The most recent regulatory change came into force in June 2023, eliminating the requirement for a PUZ, regardless of whether the land is located inside or outside buildable areas. The same law also allows for multiple investment objectives (which adds to the inconsistent approach, as it lacks a legal definition in that context) to be developed on a single plot of land, as well as allowing investors to obtain multiple building permits for each objective, based on a single urbanism certificate. These new provisions do not provide any exclusions on the type and placement of investment objectives which could be developed on a single plot of land, so they could be interpreted as an implicit recognition that multiple, independent renewable energy projects (each falling within the 50 hectare threshold) could be developed on the same or neighbouring plots, outside buildable areas.

As a result of all these recent changes, the authorisation process of the construction works can now completely skip the planning documentation phase (eg approval of Zonal Urbanism Plan – PUZ) and start directly with the building permit phase, regardless of whether the land is located outside or within the buildable area of a locality.

However, the discussions on renewable energy development regulations are far from over, as after a long process, Romania is preparing to bring into force a new Urbanism Code, which is expected to replace the major and numerous construction regulations – with the current Code draft far from having achieved its objectives of clarification and streamlining. As the draft is still being challenged and subject to amendments, we expect to see strong debates on its impact in the next 6 to 12 months.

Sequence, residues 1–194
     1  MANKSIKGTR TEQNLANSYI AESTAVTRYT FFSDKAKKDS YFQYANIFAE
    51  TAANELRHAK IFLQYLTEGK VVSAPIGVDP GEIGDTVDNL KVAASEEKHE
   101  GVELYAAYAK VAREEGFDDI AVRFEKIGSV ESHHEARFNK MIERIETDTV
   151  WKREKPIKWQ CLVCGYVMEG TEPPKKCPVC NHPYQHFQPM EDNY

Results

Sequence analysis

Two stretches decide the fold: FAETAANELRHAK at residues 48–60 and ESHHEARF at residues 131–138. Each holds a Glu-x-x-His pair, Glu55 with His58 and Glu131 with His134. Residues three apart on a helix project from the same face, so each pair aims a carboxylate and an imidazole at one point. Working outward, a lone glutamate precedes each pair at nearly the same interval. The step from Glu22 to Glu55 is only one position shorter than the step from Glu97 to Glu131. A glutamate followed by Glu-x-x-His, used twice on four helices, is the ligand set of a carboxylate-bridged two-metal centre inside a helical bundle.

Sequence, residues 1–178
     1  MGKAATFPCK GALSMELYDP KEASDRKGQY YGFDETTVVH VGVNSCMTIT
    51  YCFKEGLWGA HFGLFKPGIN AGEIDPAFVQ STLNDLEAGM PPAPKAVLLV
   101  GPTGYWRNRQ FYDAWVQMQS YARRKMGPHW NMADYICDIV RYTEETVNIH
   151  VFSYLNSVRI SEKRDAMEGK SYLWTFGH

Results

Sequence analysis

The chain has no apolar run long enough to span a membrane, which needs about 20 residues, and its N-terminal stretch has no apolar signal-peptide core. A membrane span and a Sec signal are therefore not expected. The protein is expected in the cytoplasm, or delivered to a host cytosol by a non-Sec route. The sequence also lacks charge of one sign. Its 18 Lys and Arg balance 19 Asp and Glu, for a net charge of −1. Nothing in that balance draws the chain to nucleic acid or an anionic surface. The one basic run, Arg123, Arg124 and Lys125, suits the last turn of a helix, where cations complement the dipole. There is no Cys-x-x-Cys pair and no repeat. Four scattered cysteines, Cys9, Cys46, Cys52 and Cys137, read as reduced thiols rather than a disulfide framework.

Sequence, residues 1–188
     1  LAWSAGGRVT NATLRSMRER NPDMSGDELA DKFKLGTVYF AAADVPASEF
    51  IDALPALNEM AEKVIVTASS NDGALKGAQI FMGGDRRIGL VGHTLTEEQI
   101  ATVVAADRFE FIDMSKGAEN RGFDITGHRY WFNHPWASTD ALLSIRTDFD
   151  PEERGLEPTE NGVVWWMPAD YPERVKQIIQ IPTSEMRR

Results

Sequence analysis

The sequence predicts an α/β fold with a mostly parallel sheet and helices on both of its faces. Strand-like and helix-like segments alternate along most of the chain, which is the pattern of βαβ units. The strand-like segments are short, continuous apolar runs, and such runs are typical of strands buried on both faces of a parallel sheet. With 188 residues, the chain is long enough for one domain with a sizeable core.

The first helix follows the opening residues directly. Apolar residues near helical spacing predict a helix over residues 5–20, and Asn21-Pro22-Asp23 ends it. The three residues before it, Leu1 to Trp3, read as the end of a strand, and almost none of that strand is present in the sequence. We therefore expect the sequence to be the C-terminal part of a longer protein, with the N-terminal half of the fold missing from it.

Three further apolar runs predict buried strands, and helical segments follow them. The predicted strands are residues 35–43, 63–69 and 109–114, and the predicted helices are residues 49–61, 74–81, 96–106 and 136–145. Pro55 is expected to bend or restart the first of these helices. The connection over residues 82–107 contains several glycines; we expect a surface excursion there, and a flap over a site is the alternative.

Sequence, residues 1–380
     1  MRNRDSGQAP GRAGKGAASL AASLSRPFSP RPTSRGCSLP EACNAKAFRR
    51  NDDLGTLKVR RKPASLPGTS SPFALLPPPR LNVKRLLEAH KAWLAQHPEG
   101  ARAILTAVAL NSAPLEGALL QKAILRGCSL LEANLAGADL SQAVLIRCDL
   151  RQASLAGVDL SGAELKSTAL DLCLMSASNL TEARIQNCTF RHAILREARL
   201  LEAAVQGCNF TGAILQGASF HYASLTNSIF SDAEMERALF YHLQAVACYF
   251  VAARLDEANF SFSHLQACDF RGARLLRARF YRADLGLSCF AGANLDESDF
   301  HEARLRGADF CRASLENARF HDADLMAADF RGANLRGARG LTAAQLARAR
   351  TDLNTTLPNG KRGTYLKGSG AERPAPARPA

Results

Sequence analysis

Code of Good Practice for Renewable Energy – an example of cooperation

While the formal legislative process can be convoluted and inconsistent, (sometimes) raising more issues than it manages to solve, private sector initiatives could be used as an example of how developers and regulators can cooperate to achieve their common interests (in this case, hitting renewable energy milestones).

Such is the case with the 2023 Edition of the “Code of Good Practice for Renewable Energy in Romania,” a project initiated by the Romanian Wind Energy Association (RWEA) and the Romanian Photovoltaic Industry Association to provide guidance to existing and potential investors in the renewable energy market, also co-written by the DLA Piper Romania Real Estate and Energy teams.

The Code represents a step forward, as it entailed the cooperation and contribution of a significant number of authorities with attributions in the energy sector (such as the Minister of Energy, National Authority for Regulation of Energy and the Competition Council), energy distributors (such as Transelectrica and the Association of Energy Utility Companies), international renewable energy developers and financing institutions (such as the National Bank of Romania, EBRD, EIB and World Bank), all of whom aligned their positions and gave extensive but structured insights into the progress and expectations from the renewable energy market.

Although the Code is prepared in relation to the Romanian legislation market, we would highly recommend it for any investors interested in the EU region, as the insights in it may be relevant in a regional context – read the English version of the Code here.


What comes next?

Although consistent steps have been taken to move procedures from complex to simple, there’s still more work to be done and measures to be taken. It’s true that, with respect to any process, each of the parties involved has a determined role, experience, skills and liability. But, in this specific case, the collaboration between the public authorities and the market players is essential for a deeper understanding of the renewable energy market and its actual needs.

Following a better understanding of the factual situation, the next important step is to align all the relevant pieces of legislation, to leave as little room as possible for interpretation – the ultimate purpose should not be to go to court for a third party to establish which is the correct interpretation, but to have no need for an interpretation altogether.

1 Renewable energy statistics - Statistics Explained (